Maternal obesity and postpartum haemorrhage after vaginal and caesarean delivery among nulliparous women at term: a retrospective cohort study
1 Department of Obstetrics and Gynaecology, University of Auckland, Private Bag, 92019, Auckland, New Zealand
2 Department of Paediatrics, University of Auckland, Private Bag, 92019, Auckland, New Zealand
BMC Pregnancy and Childbirth 2012, 12:112 doi:10.1186/1471-2393-12-112Published: 18 October 2012
Increasing rates of postpartum haemorrhage in developed countries over the past two decades are not explained by corresponding changes in risk factors and conjecture has been raised that maternal obesity may be responsible. Few studies investigating risk factors for PPH have included BMI or investigated PPH risk among nulliparous women. The aim of this study was to determine in a cohort of nulliparous women delivering at term whether overweight and obesity are independent risk factors for major postpartum haemorrhage (PPH ≥1000ml) after vaginal and caesarean section delivery.
The study population was nulliparous singleton pregnancies delivered at term at National Women’s Hospital, Auckland, New Zealand from 2006 to 2009 (N=11,363). Multivariable logistic regression was adjusted for risk factors for major PPH.
There were 7238 (63.7%) women of normal BMI, 2631 (23.2%) overweight and 1494 (13.1%) obese. Overall, PPH rates were increased in overweight and obese compared with normal-weight women (n=255 [9.7%], n=233 [15.6%]), n=524 [7.2%], p <.001) respectively. There was an approximate twofold increase in risk in obese nulliparous women that was independent of confounders, adjusted odds ratio [aOR (95% CI)] for all deliveries 1.86 (1.51-2.28). Being obese was a risk factor for major PPH following both caesarean 1.73 (1.32-2.28) and vaginal delivery 2.11 (1.54-2.89) and the latter risk was similar after exclusion of women with major perineal trauma and retained placentae. Three additional factors were consistently associated with risk for major PPH regardless of mode of delivery: increasing infant birthweight, antepartum haemorrhage and Asian ethnicity.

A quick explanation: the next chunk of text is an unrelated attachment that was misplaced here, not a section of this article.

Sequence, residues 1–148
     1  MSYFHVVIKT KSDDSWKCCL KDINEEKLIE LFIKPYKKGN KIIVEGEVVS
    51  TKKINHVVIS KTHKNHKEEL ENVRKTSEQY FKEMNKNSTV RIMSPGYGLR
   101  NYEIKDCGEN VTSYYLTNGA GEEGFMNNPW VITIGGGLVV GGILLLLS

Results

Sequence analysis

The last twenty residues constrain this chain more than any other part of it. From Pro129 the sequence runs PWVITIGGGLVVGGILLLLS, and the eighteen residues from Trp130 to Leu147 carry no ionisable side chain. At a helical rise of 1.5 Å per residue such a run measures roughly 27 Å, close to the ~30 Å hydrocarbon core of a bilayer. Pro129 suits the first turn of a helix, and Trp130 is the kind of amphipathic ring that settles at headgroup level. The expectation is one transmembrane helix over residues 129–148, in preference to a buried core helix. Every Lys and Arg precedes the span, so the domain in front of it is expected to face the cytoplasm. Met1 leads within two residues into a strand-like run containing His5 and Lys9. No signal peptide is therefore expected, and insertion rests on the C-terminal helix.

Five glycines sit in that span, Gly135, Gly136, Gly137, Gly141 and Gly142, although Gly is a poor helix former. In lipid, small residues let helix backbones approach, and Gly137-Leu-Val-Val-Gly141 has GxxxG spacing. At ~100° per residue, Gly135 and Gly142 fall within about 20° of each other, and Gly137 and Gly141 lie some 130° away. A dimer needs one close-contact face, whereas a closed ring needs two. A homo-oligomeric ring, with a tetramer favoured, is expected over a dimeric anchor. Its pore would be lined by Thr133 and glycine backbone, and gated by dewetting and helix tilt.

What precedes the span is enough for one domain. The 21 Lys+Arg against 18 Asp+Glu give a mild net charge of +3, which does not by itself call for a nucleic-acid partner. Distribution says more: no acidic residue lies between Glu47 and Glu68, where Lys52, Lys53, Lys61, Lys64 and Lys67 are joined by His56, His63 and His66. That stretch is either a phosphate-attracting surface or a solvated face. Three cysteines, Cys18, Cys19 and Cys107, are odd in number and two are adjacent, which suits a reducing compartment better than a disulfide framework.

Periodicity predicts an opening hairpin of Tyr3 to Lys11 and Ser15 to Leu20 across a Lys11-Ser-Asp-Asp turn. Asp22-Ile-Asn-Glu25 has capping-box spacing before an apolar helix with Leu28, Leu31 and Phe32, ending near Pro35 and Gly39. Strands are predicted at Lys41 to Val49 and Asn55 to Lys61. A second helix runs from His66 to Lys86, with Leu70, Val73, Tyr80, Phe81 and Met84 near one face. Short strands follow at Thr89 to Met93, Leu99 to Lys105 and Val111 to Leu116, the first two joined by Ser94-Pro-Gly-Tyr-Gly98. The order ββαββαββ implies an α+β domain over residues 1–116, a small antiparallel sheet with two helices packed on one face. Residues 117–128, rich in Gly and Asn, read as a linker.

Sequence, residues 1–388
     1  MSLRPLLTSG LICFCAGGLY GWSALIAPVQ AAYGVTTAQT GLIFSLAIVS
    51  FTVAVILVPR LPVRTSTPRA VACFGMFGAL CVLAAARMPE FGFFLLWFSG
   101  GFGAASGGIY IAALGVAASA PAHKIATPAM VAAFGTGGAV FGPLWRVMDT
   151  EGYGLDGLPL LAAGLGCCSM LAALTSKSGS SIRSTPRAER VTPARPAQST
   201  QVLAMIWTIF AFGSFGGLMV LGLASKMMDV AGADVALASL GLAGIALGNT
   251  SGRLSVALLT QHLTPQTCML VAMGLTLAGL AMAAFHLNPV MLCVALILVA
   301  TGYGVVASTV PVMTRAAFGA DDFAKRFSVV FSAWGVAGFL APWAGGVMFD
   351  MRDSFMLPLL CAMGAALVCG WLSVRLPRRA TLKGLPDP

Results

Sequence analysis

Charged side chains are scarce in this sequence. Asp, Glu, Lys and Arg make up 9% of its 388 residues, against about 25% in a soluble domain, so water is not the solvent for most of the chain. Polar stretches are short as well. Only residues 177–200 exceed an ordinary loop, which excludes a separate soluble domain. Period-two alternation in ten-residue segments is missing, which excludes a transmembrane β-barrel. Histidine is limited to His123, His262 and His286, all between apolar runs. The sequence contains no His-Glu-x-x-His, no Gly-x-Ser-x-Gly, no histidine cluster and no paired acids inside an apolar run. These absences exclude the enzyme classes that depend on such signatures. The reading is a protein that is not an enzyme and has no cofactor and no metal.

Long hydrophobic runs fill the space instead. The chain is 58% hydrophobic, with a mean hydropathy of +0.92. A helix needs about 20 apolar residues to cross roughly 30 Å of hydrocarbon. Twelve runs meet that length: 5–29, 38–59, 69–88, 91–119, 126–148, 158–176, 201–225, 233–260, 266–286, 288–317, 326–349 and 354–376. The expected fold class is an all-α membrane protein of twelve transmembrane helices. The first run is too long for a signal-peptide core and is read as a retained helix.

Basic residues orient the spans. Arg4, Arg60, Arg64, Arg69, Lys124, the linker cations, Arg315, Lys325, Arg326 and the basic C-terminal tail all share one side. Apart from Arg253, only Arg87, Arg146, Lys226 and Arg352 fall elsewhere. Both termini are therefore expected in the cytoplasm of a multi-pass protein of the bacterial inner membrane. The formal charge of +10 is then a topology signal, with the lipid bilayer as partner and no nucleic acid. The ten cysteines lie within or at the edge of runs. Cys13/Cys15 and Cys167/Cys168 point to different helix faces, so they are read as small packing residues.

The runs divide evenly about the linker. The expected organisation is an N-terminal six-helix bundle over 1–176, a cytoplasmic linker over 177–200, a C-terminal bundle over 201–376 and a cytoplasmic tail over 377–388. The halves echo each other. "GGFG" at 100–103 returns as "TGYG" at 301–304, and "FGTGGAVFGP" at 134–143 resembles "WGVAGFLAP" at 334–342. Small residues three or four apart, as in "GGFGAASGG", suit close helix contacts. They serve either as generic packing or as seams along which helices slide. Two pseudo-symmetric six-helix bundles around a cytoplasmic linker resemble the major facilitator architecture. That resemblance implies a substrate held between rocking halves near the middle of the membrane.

Nulliparous obese women have a twofold increase in risk of major PPH compared to women with normal BMI regardless of mode of delivery. Higher rates of PPH among obese women are not attributable to their higher rates of caesarean delivery. Obesity is an important high risk factor for PPH, and the risk following vaginal delivery is emphasised. We recommend in addition to standard practice of active management of third stage of labour, there should be increased vigilance and preparation for PPH management in obese women.